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NIH Research Matters

October 2007 Archive

October 29, 2007

Silhouettes of people in diverse primary colors.

Second-Generation Map of Human Genetic Variation

The International HapMap Consortium has published analyses of its second-generation map of human genetic variation, which contains more than 3.1 million genetic variants. The improved HapMap will help researchers find DNA variants that influence the risk of disease and other traits.

Poplar trees

Trees Created to Clean up Pollutants

Researchers have created transgenic poplar trees that can break down a class of common environmental pollutants. With their large size and extensive root systems, these trees may one day help to clean up contaminated sites faster and for less money than current methods.

Photo of a woman sitting with her hands on her head.

Flawed Gene Activity May Contribute to Schizophrenia

By studying human brains from before birth through adulthood, researchers have identified a gene that increases its activity during normal brain development but that may fail to ramp up in people with schizophrenia. The faulty activity of this gene, called GAD1, may be to blame for at least some cases of schizophrenia, the scientists say.

October 22, 2007

Older woman eating a salad.

Low-Fat Diet May Cut Ovarian Cancer Risk

Sticking to a low-fat diet for at least 4 years can reduce an older woman's risk of developing ovarian cancer by about 40%, according to a new study. The results are the most promising to date from a large clinical trial that's examining how low-fat diets can affect the health of postmenopausal women.

Round cell body with long tendrils  reaching in all directions.

Treatment Targets Pain in Rats

Researchers have developed a combination treatment using two drugs that selectively blocks pain in rats without impairing movement or other sensations such as touch. The technique may lead to new pain treatments for people.

A woman boss yelling at a male employee.

Understanding Resilience to Stress

Stress can play a major role in the development of several mental illnesses, including post-traumatic stress disorder and depression. Researchers have long wondered why some people are resilient to stress while others aren't. A new mouse study may have brought them a step closer to the answer.

OCTOBER 9, 2007

Scanning electron micrograph of microbe shaped like a teardrop with several rope-like flagella.

Genome of Common Intestinal Parasite Sequenced

What do children in daycare and hikers have in common? They are both prone to catching the intestinal parasite Giardia lamblia. Now, scientists have revealed its genetic secrets, paving the way to new treatment methods and possibly new vaccines.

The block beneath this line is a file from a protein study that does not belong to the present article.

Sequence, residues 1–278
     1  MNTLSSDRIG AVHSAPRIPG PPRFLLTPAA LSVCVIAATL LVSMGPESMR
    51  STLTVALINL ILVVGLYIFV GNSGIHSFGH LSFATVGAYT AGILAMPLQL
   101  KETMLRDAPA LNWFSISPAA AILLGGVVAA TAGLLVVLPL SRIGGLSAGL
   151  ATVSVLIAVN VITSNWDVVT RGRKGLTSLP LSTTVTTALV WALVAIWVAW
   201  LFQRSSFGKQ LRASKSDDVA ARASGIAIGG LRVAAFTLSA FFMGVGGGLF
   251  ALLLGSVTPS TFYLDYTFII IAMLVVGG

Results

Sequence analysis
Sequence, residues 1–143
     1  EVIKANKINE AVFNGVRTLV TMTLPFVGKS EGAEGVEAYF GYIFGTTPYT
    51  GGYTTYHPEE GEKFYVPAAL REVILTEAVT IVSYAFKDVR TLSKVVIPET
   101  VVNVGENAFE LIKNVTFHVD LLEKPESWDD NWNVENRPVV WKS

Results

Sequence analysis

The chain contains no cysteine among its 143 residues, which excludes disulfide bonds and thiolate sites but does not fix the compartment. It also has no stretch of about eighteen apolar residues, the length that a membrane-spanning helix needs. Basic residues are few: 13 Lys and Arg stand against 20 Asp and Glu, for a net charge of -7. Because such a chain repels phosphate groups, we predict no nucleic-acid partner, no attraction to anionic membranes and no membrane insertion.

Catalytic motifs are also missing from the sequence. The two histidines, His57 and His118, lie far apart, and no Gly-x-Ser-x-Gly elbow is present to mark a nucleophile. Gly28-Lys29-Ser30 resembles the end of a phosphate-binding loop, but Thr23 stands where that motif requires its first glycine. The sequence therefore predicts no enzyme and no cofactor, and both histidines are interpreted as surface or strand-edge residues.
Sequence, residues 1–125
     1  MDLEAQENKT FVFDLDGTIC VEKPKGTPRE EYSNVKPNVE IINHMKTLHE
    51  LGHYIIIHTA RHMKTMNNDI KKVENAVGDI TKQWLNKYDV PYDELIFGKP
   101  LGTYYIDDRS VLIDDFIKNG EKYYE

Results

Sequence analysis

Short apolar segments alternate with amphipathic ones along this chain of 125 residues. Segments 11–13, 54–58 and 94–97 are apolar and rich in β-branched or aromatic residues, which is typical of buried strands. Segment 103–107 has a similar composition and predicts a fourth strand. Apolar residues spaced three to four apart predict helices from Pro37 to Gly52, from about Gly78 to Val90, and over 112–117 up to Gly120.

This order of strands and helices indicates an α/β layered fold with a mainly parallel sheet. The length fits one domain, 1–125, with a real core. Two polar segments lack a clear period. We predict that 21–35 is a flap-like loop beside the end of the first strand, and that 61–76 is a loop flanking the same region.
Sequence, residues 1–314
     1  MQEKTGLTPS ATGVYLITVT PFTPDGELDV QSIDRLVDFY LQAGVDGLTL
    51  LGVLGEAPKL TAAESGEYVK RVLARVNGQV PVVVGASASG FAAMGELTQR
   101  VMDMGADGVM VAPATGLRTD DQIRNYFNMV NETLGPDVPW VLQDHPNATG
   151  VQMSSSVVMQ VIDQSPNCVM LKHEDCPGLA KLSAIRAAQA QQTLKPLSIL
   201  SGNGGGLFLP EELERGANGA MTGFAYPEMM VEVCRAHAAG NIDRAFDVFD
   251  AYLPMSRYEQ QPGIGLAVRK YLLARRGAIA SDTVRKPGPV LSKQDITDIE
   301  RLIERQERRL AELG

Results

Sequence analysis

Photo of a teenage girl gazing out the window.

Depressed Adolescents Respond Best to Combination Treatment

A major clinical trial has found that a combination of psychotherapy and antidepressant medication appears to be more effective for adolescents with major depressive disorder than medication or psychotherapy alone.

Photo of a newborn baby.

Low Cholesterol Levels Linked to Premature Birth

Low blood cholesterol is usually considered good for your health—but that may not hold true during pregnancy. New findings, although still considered preliminary, suggest that pregnant women with very high or very low cholesterol are more than twice as likely as women with moderate cholesterol levels to deliver their babies prematurely.

OCTOBER 1, 2007

Photograph of legs, with left leg extremely swollen.

Parasitic Worm Genome Gives Insight into Elephantiasis

Scientists have sequenced the genome of a tiny threadlike worm that can live for a decade in the human body and cause the debilitating disease elephantiasis, a painful and extreme enlargement of limbs and other body parts. The genome reveals dozens of potential new targets for drugs or vaccines to fight elephantiasis and similar parasitic diseases.

Cluster of oval-shaped cells.

Versatile Stem Cells Isolated From Adult Mouse Testes

Scientists have sequenced the genome of a tiny threadlike worm that can live for a decade in the human body and cause the debilitating disease elephantiasis, a painful and extreme enlargement of limbs and other body parts. The genome reveals dozens of potential new targets for drugs or vaccines to fight elephantiasis and similar parasitic diseases.

Photo of a woman holding her nose.

Genes Help Govern Your Perception of Body Odor

Whether a sweaty man smells fragrant or foul to you may depend on your genes. Scientists have uncovered the first evidence to date that variations in a single gene can influence a person's perception of scent. The findings shed light on the science of smell and may help researchers explore how odorous molecules affect human behavior.

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About NIH Research Matters

Editor: Harrison Wein, Ph.D.
Assistant Editors: Vicki Contie, Carol Torgan, Ph.D.

NIH Research Matters is a weekly update of NIH research highlights from the Office of Communications and Public Liaison, Office of the Director, National Institutes of Health.

ISSN 2375-9593

This page last reviewed on December 4, 2012

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